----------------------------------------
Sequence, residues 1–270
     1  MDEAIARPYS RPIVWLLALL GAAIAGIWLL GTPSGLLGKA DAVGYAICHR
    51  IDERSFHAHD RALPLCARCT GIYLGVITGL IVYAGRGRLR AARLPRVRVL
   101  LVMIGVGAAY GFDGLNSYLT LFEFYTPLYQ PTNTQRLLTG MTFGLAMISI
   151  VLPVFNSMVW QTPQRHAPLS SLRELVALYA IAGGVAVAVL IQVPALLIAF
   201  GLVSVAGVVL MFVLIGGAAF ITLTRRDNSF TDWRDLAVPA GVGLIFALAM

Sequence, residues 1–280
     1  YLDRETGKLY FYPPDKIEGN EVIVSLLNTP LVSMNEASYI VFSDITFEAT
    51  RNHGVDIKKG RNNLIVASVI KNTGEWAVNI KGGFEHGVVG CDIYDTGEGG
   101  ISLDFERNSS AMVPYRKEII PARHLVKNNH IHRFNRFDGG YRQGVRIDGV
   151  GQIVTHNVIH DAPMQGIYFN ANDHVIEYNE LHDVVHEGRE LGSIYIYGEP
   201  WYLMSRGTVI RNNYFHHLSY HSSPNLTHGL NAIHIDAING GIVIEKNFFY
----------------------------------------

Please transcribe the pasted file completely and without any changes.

Sequence, residues 1–270
     1  MDEAIARPYS RPIVWLLALL GAAIAGIWLL GTPSGLLGKA DAVGYAICHR
    51  IDERSFHAHD RALPLCARCT GIYLGVITGL IVYAGRGRLR AARLPRVRVL
   101  LVMIGVGAAY GFDGLNSYLT LFEFYTPLYQ PTNTQRLLTG MTFGLAMISI
   151  VLPVFNSMVW QTPQRHAPLS SLRELVALYA IAGGVAVAVL IQVPALLIAF
   201  GLVSVAGVVL MFVLIGGAAF ITLTRRDNSF TDWRDLAVPA GVGLIFALAM

Sequence, residues 1–280
     1  YLDRETGKLY FYPPDKIEGN EVIVSLLNTP LVSMNEASYI VFSDITFEAT
    51  RNHGVDIKKG RNNLIVASVI KNTGEWAVNI KGGFEHGVVG CDIYDTGEGG
   101  ISLDFERNSS AMVPYRKEII PARHLVKNNH IHRFNRFDGG YRQGVRIDGV
   151  GQIVTHNVIH DAPMQGIYFN ANDHVIEYNE LHDVVHEGRE LGSIYIYGEP
   201  WYLMSRGTVI RNNYFHHLSY HSSPNLTHGL NAIHIDAING GIVIEKNFFY